If you're still doing the advice thing, I'd really appreciate some from someone who would understand this stuff. In May I was diagnosed with GAD and major recurring depression. There have been a lot of supportive people in my life, but it kills me how callous my dad is about it. He refuses to believe I have a problem, demands I not even think about taking medication, and when he caused me to have a major panic attack (I couldn't breathe) he told me I was being overdramatic. (pt 1)
(pt 2) It’s painful, and even more-so that whenever I talk to him about political things (such as how our society treats people with mental illnesses) he just tells me I’ve been indoctrinated. I don’t know how to deal with this emotions or try to explain to him just how serious this is and how much it hurts and upsets me. If you have any advice, Disney themed or not, I would appreciate it so much.
I am so sorry I left some of these off for so long… I have no real excuse, just that I haven’t been on the internet as much, period. :(
Realizing that certain things might never change can be very painful. I would say in some ways that it reminds me of The Lion King, and Simba’s interactions with his own father (and Scar, depending on which part of your question we address)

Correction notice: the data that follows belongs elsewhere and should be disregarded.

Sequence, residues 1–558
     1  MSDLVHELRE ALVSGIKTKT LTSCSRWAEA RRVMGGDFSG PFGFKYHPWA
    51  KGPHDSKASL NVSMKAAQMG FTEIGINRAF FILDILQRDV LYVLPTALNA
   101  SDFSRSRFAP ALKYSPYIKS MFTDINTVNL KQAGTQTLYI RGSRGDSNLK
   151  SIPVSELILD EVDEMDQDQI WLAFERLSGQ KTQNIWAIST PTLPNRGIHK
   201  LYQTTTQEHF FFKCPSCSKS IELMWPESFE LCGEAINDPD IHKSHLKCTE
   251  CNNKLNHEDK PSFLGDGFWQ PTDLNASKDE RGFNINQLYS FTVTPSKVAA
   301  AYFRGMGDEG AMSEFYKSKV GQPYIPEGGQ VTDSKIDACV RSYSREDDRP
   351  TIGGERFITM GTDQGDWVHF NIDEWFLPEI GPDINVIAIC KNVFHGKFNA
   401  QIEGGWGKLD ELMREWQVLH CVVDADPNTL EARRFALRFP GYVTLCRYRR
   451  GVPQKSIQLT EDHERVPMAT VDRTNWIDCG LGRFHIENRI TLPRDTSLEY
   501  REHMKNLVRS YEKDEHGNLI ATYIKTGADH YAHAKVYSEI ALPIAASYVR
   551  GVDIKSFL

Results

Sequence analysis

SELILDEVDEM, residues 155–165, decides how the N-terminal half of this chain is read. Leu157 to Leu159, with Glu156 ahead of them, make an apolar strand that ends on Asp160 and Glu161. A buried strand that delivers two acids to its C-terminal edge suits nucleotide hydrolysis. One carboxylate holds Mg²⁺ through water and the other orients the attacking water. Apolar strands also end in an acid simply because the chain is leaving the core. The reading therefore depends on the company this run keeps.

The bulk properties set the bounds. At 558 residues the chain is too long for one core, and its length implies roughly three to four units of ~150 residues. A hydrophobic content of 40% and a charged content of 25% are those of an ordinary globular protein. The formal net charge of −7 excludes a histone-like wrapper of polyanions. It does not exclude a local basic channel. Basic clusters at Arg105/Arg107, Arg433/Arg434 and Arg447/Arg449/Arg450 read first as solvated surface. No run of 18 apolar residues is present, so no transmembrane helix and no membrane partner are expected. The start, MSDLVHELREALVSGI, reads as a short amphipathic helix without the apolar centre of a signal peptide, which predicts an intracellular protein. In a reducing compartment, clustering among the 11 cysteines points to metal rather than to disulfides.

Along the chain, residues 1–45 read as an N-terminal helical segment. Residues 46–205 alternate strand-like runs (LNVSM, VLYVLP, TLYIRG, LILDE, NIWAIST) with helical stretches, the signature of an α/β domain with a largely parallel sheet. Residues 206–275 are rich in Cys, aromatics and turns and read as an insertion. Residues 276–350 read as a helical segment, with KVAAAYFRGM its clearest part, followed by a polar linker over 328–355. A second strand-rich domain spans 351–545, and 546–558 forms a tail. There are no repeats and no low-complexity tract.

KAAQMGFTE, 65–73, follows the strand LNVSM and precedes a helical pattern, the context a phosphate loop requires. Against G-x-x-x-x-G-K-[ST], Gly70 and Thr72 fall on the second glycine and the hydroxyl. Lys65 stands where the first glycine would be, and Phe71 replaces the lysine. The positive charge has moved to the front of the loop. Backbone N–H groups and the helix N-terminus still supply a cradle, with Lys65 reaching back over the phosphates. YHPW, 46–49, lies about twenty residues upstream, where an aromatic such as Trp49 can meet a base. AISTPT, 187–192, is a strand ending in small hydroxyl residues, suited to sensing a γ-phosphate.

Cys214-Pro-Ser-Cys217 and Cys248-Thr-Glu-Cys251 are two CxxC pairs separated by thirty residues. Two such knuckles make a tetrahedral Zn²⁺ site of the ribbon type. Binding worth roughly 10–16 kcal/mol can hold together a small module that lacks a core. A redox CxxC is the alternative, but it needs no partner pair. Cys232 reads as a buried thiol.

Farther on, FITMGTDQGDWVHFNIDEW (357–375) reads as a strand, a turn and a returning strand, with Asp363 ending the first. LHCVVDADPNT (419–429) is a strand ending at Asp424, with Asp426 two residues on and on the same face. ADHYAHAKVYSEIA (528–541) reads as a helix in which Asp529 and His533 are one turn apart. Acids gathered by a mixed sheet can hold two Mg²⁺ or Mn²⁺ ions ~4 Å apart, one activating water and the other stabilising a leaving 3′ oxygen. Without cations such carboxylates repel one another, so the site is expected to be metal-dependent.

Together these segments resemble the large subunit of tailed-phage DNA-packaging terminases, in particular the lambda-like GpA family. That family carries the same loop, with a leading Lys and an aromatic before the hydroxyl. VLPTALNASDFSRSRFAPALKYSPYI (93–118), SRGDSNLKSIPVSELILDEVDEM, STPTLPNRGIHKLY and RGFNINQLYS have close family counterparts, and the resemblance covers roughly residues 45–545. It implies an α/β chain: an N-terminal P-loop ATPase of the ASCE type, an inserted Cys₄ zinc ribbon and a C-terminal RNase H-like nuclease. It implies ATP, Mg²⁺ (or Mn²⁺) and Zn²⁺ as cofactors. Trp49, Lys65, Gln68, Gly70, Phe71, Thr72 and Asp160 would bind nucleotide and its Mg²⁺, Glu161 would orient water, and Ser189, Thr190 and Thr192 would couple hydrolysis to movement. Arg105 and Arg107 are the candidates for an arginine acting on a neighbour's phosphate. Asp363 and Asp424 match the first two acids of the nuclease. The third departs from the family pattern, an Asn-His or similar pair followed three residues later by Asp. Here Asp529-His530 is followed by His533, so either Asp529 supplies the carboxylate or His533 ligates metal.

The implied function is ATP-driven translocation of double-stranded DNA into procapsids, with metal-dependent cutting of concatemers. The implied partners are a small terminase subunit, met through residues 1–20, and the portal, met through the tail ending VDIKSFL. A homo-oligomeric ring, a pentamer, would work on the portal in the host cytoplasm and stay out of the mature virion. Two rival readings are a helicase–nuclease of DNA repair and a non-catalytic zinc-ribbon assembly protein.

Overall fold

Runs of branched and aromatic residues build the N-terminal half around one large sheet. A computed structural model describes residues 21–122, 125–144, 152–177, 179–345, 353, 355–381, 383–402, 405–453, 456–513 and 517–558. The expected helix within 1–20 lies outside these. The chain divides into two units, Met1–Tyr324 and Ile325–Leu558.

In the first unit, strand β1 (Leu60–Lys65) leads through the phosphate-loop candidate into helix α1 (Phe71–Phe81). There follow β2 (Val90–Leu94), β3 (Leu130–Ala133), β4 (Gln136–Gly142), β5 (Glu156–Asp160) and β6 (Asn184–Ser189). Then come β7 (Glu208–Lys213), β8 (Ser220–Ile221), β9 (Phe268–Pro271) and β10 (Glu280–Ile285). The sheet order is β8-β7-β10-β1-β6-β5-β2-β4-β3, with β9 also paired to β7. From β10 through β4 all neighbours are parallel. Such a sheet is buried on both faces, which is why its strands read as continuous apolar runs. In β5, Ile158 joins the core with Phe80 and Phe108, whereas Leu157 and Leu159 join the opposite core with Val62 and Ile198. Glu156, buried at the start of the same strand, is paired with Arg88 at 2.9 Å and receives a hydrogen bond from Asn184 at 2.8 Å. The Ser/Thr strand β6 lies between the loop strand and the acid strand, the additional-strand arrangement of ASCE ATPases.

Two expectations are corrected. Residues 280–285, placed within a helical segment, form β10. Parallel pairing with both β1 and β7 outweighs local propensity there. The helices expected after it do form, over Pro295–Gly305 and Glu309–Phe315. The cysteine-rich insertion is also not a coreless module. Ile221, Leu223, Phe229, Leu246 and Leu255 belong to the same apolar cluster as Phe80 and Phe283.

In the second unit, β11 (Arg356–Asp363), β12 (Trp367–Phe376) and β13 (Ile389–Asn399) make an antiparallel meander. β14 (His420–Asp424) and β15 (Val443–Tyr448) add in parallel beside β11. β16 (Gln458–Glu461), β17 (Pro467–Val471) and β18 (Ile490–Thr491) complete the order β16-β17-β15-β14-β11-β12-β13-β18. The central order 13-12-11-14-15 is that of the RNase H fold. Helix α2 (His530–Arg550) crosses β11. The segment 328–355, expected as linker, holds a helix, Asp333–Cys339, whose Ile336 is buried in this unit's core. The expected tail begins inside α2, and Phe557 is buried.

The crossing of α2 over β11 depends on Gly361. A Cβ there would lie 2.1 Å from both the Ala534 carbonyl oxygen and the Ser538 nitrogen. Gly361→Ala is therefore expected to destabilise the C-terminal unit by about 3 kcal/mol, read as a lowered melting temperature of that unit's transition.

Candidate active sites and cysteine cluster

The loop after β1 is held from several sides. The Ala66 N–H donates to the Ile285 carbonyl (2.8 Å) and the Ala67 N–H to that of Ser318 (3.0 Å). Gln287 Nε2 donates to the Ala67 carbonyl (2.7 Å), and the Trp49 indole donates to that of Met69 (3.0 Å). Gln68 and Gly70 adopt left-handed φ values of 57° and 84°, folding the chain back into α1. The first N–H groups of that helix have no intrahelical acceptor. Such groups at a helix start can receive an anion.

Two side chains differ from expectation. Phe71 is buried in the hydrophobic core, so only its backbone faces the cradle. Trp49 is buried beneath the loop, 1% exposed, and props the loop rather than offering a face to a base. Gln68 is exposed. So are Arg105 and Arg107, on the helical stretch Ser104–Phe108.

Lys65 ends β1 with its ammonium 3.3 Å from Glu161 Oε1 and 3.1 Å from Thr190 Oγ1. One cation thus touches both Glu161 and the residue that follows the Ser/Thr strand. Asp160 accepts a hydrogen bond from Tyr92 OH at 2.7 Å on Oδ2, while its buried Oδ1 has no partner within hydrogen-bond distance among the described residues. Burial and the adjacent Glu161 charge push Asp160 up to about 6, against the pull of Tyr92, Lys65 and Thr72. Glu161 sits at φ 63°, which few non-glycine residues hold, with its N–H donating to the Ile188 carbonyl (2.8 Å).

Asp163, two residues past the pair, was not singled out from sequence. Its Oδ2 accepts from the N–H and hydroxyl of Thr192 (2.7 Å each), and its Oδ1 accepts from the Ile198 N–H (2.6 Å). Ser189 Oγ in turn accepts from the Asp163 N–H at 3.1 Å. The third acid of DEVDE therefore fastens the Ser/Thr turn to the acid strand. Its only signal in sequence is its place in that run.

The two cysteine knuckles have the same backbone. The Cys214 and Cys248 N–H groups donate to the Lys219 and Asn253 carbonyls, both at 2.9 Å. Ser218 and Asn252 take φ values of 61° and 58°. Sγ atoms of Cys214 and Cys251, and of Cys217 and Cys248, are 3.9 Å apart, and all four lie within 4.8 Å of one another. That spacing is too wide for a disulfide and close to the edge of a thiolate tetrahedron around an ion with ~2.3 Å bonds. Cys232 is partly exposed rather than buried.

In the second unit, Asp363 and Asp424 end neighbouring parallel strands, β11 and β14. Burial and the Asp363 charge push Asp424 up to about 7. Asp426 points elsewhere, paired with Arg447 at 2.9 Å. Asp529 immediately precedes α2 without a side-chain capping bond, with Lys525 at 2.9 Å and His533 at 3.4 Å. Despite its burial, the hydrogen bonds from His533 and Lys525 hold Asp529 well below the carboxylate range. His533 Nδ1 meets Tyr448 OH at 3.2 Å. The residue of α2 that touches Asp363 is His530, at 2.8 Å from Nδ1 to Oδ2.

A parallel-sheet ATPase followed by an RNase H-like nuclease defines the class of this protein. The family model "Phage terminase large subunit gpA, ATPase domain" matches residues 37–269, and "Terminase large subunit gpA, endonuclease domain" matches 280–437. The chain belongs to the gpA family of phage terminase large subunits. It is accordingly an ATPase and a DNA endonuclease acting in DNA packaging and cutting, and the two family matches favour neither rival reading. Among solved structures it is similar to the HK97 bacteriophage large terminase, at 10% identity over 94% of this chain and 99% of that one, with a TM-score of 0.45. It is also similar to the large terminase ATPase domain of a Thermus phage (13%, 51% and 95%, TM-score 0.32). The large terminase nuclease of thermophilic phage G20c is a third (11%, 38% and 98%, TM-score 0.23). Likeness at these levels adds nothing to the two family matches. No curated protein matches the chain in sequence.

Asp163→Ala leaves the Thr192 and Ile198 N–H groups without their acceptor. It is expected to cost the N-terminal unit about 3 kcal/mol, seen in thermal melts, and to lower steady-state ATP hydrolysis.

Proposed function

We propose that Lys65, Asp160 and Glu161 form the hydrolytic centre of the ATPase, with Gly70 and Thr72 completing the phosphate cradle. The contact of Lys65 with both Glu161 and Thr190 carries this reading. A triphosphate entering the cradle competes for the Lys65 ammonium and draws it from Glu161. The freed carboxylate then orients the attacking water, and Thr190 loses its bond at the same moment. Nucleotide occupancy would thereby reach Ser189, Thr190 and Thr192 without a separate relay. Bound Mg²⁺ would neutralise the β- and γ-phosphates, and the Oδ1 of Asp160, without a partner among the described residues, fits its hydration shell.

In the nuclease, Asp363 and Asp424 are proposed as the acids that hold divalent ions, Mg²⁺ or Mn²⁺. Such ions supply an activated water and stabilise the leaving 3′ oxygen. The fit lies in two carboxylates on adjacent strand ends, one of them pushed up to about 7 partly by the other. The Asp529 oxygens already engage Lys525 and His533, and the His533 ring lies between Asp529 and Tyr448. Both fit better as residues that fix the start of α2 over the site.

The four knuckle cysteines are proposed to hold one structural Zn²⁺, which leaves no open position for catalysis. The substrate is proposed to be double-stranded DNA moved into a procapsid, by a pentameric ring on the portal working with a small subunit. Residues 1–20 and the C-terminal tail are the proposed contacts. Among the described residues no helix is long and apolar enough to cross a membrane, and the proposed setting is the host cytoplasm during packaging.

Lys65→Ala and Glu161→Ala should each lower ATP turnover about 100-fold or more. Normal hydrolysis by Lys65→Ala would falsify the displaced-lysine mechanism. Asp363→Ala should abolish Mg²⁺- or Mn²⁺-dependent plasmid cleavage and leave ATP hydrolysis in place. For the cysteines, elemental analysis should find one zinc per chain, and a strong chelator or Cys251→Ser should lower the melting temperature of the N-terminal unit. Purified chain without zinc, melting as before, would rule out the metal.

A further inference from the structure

Family relationships are often (always?) complicated, and it can be especially heartbreaking when the people we expect to be most reliant on can’t be there for us — for one reason or another.
I think everyone has to process things in their own way, so I’m not sure whether it would help to talk to him or not. I think sometimes for your own sake, it helps to talk — Simba didn’t really get resolution over his feelings of guilt until he actually started talking about it. That said, there’s not actually anything cowardly in keeping yourself safe for a while and kind of, dealing with your depression first, and putting your dad to the side for a while? Simba left his issues for a few years — you can at least take a few weeks to put yourself first.
Timon: Look, kid. Bad things happen, and you can’t do anything about it. Right?
Young Simba: Right.
Timon: Wrong! When the world turns its back on you, you turn your back on the world.
And if you can, look for other supporters who understand you at this very moment in time — not their expectations of you or past ideas of you but just, you (Simba found Timon and Pumba). Your dad may or may not come around but there are other people out there who can and will absolutely understand what you’re going through and not make you feel bad about it.
As far as actually talking to your dad, human relationships (or… lion relationships?) are so complex that I don’t know what the “right” solution could be for your exact situation. Personally, I think letters can be useful. A lot of people get automatically defensive if you’re speaking to them but a letter is kind of like… they have to read it through before issuing any sort of “rebuttal” and it can help you, too, to have time to kind of compose your thoughts and place them in the order you see fit — and if they don’t react in the way you hope, you don’t have to be physically there for it.
Hope this helps?? Feel free to reblog with better advice, peeps!